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Grace’s doctor recommended she order minoxidil online and advised her on which strength product to go for.

Age at interview: 18
Sex: Female
Age at diagnosis: 10
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Minoxidil, something like that, and she was like, “We can, we can’t prescribe it to you, but you can buy it really cheap online.” So, I think I had the ladies one first, and then she was like, “No, don’t bother with that, get the men’s one,” and then I used that. I think that does work but it is quite a slow process because it's not very strong; cos you can buy it over the counter can't-, or even just in a drugstore, can't you? So, it's not really like-, I suppose it's not really like a proper, I don’t really know. It's not like a proper I don’t feel like I'm being prescribed something that I can take and it can-, it's going to do something, but I probably psychological as well, and subconscious that putting this on I do feel like it does work.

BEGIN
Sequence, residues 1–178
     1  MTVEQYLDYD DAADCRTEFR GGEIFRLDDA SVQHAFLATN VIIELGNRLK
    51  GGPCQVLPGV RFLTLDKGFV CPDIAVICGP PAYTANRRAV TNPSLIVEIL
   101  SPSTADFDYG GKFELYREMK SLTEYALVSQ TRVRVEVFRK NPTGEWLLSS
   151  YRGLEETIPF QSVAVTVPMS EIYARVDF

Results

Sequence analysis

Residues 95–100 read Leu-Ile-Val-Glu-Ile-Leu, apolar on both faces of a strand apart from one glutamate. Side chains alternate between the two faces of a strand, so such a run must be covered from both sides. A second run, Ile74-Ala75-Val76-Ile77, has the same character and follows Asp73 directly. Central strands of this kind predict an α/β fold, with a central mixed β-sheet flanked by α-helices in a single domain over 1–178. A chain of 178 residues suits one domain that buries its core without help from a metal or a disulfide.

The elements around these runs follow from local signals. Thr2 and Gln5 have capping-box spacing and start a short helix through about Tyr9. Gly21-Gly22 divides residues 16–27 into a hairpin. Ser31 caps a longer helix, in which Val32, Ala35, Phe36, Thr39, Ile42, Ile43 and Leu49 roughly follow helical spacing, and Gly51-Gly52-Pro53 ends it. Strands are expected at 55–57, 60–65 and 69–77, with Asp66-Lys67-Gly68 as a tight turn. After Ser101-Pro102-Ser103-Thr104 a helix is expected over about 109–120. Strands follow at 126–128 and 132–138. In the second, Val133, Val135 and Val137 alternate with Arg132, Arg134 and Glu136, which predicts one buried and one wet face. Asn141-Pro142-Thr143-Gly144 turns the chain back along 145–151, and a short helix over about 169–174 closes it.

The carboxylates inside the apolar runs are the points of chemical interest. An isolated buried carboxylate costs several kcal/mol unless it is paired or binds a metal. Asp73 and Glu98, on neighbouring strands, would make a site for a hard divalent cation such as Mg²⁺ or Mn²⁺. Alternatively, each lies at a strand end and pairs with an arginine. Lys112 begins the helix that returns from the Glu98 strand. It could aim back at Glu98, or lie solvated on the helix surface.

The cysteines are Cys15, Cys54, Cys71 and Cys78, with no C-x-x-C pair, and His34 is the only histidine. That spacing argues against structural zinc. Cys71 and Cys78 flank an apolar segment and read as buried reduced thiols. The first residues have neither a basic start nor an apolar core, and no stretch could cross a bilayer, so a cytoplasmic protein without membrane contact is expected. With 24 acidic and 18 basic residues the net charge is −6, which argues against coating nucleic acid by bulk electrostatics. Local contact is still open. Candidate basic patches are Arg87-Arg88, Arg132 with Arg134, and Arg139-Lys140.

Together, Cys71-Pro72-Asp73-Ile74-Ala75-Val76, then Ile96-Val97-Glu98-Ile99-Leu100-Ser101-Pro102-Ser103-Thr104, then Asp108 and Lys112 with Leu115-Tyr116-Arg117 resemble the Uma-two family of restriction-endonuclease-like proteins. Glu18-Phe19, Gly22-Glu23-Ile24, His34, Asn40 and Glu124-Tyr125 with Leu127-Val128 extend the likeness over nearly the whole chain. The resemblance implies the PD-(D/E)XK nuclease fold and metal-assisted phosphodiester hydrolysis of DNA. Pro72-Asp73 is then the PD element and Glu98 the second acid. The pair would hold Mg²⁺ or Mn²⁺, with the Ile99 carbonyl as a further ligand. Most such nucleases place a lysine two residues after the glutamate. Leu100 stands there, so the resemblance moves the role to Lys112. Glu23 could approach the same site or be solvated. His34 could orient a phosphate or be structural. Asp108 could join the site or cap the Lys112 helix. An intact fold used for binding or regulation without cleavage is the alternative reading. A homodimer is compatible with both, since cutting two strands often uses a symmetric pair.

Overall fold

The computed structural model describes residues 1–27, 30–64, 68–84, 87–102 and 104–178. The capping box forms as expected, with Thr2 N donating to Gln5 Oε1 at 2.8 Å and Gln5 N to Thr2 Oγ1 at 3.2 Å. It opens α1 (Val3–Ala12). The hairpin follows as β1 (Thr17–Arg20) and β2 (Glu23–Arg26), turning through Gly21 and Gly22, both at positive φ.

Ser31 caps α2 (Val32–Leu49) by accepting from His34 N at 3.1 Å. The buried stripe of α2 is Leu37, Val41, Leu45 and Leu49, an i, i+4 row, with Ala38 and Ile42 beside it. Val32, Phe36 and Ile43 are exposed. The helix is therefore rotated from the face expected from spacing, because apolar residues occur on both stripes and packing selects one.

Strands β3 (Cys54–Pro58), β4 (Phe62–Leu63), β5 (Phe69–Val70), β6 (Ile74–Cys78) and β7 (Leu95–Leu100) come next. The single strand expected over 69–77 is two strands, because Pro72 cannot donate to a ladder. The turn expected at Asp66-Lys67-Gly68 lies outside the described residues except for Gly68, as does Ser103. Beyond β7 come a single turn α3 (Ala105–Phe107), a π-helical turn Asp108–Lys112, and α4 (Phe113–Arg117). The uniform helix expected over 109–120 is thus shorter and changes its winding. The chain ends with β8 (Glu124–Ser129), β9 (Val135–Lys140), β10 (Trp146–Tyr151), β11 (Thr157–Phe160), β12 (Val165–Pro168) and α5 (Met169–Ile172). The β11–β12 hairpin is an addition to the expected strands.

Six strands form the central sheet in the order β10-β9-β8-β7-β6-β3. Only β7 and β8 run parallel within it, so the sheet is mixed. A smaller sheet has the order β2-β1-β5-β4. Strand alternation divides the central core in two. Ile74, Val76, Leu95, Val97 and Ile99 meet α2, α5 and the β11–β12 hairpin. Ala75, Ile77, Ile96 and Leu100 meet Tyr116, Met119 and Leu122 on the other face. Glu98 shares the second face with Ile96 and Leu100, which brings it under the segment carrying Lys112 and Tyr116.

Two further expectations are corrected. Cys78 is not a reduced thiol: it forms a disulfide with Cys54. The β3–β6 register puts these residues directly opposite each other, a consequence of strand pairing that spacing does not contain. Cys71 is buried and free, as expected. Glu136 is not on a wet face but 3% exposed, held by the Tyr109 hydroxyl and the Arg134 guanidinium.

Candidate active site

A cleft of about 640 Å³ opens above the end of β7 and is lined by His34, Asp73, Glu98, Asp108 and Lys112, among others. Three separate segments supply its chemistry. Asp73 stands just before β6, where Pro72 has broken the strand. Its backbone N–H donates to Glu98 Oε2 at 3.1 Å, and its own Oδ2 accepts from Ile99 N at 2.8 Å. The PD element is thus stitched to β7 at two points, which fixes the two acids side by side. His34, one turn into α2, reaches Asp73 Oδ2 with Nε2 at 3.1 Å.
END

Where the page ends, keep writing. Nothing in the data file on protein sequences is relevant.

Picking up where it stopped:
No one talked about having experienced any side effects from using minoxidil. However, Emily researched minoxidil and thinks there can be more side effects for women using the treatment than for men. For the people we talked to, minoxidil was seen as quite an “easy” treatment: it could be bought from a shop, meaning that the person didn’t have to go to their doctors to get it prescribed, and used at home as part of a routine. Grace found it was quite a cheap treatment because she bought a bulk supply online. Emma says she would feel more comfortable using a topic treatment like minoxidil than something like oral steroids or steroid injections.
 

Emily talks about minoxidil being available in shops in different strengths for men and women.

Emily talks about minoxidil being available in shops in different strengths for men and women.

Age at interview: 20
Sex: Female
Age at diagnosis: 19